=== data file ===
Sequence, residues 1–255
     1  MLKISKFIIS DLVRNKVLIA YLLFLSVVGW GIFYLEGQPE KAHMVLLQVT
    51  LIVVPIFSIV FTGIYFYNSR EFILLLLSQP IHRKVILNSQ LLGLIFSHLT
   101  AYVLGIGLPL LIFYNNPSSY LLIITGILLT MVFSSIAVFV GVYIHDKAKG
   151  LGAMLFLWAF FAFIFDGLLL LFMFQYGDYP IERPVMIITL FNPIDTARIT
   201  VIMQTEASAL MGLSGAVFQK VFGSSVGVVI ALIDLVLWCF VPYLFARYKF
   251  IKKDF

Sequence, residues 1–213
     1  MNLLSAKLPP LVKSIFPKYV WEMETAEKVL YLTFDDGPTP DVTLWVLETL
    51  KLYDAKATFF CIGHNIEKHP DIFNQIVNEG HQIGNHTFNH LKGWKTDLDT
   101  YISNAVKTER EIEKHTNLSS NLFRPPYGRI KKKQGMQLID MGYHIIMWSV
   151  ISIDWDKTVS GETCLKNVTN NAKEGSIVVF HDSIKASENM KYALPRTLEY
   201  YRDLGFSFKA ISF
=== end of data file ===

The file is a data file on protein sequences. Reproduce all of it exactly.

Sequence, residues 1–255
     1  MLKISKFIIS DLVRNKVLIA YLLFLSVVGW GIFYLEGQPE KAHMVLLQVT
    51  LIVVPIFSIV FTGIYFYNSR EFILLLLSQP IHRKVILNSQ LLGLIFSHLT
   101  AYVLGIGLPL LIFYNNPSSY LLIITGILLT MVFSSIAVFV GVYIHDKAKG
   151  LGAMLFLWAF FAFIFDGLLL LFMFQYGDYP IERPVMIITL FNPIDTARIT
   201  VIMQTEASAL MGLSGAVFQK VFGSSVGVVI ALIDLVLWCF VPYLFARYKF
   251  IKKDF

Sequence, residues 1–213
     1  MNLLSAKLPP LVKSIFPKYV WEMETAEKVL YLTFDDGPTP DVTLWVLETL
    51  KLYDAKATFF CIGHNIEKHP DIFNQIVNEG HQIGNHTFNH LKGWKTDLDT
   101  YISNAVKTER EIEKHTNLSS NLFRPPYGRI KKKQGMQLID MGYHIIMWSV
   151  ISIDWDKTVS GETCLKNVTN NAKEGSIVVF HDSIKASENM KYALPRTLEY
   201  YRDLGFSFKA ISF